Gardening, dancing and brisk walks could slash your risk of diabetes

Dr Amir lists diabetes symptoms

Type 2 diabetes is often the result of poor lifestyle choices, meaning that your risk of the condition is modifiable.

Worryingly, high blood sugar levels posed by the condition can stir up a whole host of health complications.

Fortunately, a study, published in the British Journal of Sports Medicine, suggests that three simple activities could offer a shield against type 2 diabetes.

From gardening to dancing, certain forms of physical movement could slash your risk of the blood sugar condition by three quarters, according to the research.

The research team found that those who managed more than an hour of moderate to vigorous exercise a day were 74 percent less prone to the condition.

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What’s more, the risk of the blood sugar disease even decreased in those who were genetically vulnerable.

In fact, their susceptibility fell further than in individuals at low genetic risk who were inactive.

Senior author Professor Melody Ding, of Sydney University, said: “We are unable to control our genetic risk and family history.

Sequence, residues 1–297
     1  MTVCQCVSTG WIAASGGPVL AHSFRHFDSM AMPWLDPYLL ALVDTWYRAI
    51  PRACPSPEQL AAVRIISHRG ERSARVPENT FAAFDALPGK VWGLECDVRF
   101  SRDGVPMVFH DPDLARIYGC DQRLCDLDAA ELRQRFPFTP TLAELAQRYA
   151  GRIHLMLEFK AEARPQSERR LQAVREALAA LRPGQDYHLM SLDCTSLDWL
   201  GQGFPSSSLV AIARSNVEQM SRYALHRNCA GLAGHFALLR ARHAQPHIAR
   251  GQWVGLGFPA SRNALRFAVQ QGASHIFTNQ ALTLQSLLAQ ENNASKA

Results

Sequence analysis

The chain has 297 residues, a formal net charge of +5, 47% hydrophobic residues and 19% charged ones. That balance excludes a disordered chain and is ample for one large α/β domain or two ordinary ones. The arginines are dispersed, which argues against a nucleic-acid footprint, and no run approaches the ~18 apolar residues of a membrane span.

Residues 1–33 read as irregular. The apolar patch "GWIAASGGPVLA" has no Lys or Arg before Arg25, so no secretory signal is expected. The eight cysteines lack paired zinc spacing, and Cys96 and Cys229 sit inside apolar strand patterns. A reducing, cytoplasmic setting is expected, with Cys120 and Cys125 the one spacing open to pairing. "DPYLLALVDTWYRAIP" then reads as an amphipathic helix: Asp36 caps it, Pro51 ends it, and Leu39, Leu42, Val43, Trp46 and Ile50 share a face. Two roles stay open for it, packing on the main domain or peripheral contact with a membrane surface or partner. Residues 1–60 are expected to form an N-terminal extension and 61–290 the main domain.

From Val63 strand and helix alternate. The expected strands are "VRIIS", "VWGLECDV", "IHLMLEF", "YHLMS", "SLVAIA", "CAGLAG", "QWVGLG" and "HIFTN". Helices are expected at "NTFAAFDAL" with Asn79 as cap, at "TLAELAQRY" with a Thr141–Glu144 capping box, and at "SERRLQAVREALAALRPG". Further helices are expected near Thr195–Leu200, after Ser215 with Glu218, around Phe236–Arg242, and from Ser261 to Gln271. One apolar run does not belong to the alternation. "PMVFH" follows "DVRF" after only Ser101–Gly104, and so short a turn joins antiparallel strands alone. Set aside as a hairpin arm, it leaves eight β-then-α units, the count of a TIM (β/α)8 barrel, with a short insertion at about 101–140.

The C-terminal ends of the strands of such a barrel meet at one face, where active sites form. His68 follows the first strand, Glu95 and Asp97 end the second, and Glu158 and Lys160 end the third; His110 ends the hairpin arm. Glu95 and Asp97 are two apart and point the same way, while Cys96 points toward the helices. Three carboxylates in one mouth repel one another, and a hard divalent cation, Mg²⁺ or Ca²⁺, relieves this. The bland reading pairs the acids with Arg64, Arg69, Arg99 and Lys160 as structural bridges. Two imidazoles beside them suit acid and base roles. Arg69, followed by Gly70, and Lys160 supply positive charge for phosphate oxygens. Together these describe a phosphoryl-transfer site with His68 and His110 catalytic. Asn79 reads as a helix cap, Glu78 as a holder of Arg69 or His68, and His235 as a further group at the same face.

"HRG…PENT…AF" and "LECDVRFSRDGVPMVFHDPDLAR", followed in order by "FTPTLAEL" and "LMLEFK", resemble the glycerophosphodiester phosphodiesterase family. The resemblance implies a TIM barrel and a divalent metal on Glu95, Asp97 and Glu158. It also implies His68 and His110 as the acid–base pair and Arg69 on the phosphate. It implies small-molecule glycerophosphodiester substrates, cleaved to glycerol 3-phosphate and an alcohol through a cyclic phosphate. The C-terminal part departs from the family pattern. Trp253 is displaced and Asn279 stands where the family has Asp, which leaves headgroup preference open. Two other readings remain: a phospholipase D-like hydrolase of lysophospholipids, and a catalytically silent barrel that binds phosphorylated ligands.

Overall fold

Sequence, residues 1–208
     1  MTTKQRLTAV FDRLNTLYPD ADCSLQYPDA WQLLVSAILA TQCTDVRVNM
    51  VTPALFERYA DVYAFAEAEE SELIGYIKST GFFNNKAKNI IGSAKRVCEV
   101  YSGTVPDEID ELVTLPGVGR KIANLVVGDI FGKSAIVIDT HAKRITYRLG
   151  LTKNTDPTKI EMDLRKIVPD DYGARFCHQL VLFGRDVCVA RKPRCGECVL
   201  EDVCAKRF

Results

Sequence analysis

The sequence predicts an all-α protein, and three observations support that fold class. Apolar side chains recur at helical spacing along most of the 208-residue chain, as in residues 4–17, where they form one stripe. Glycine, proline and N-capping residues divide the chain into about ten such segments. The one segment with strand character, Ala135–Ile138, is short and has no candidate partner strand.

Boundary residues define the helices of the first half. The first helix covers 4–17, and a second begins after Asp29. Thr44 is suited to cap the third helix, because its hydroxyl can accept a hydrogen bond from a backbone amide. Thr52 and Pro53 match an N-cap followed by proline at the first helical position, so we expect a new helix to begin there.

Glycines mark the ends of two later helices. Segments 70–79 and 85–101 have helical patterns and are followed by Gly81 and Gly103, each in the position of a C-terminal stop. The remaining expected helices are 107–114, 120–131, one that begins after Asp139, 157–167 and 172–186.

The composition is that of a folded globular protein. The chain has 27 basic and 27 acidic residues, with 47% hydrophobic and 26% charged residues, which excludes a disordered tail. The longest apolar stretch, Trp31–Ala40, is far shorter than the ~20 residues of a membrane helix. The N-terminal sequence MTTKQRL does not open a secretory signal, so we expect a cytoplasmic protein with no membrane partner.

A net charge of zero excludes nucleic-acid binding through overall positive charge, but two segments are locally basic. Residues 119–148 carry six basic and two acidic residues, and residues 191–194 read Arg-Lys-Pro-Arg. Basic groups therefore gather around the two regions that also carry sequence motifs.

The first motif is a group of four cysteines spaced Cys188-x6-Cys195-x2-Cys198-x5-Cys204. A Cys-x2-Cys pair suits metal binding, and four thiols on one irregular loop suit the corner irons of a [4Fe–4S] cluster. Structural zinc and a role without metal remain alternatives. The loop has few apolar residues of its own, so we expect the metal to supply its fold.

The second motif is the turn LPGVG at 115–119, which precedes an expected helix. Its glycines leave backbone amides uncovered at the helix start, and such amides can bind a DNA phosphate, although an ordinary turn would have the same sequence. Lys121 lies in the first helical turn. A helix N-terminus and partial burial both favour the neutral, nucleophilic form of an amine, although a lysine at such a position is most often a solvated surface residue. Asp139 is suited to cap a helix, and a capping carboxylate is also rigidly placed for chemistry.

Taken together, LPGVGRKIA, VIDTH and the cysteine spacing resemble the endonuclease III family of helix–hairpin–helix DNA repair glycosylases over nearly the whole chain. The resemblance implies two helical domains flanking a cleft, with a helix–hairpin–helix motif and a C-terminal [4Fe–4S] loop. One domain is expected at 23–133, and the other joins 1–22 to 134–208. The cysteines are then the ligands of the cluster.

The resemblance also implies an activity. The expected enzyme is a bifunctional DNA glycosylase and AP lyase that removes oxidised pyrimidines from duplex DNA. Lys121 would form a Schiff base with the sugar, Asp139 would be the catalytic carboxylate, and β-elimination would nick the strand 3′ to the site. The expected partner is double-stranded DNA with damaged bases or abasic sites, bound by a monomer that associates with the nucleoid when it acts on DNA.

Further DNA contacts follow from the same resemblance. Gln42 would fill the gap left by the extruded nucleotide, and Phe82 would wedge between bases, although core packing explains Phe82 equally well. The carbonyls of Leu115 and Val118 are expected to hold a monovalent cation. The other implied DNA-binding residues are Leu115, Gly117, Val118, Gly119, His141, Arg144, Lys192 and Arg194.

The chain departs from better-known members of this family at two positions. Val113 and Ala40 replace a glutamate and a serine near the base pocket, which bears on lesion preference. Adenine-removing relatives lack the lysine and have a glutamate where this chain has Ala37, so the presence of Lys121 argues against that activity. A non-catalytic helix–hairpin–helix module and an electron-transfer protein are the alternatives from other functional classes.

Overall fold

“But this finding provides promising and positive news that through an active lifestyle, one can fight off much of the excessive risk for type 2 diabetes.”

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Looking at 59,325 adults from the UK Biobank, the Australian research team followed up participants, who wore accelerometers on their wrists to track physical activity, for up to seven years.

The findings showed that moderate to vigorous activity was especially potent for type 2 diabetes risk.

In case you aren’t aware, moderate-intensity physical activity describes movements that get you sweating and slightly out of breath, such as brisk walking and general gardening.

Furthermore, vigorous-intensity physical activity includes movement that makes you out of breath like running, aerobic dancing, cycling uphill or at a fast pace, and heavy gardening such as digging.

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Lead author Susan Luo, a PhD candidate, said: “I am so delighted to share our research results with a broad audience to let people know that physical activity is health-enhancing, especially for people with high genetic risk.

“If you have a family history of type 2 diabetes, or even if you don’t, today is the day to start being physically active.” 

The researchers added that the findings demonstrate higher levels of physical activity should be promoted as a major strategy for prevention.

Furthermore, this is the first study to show the genetic risk of type 2 diabetes can be counteracted by exercise.

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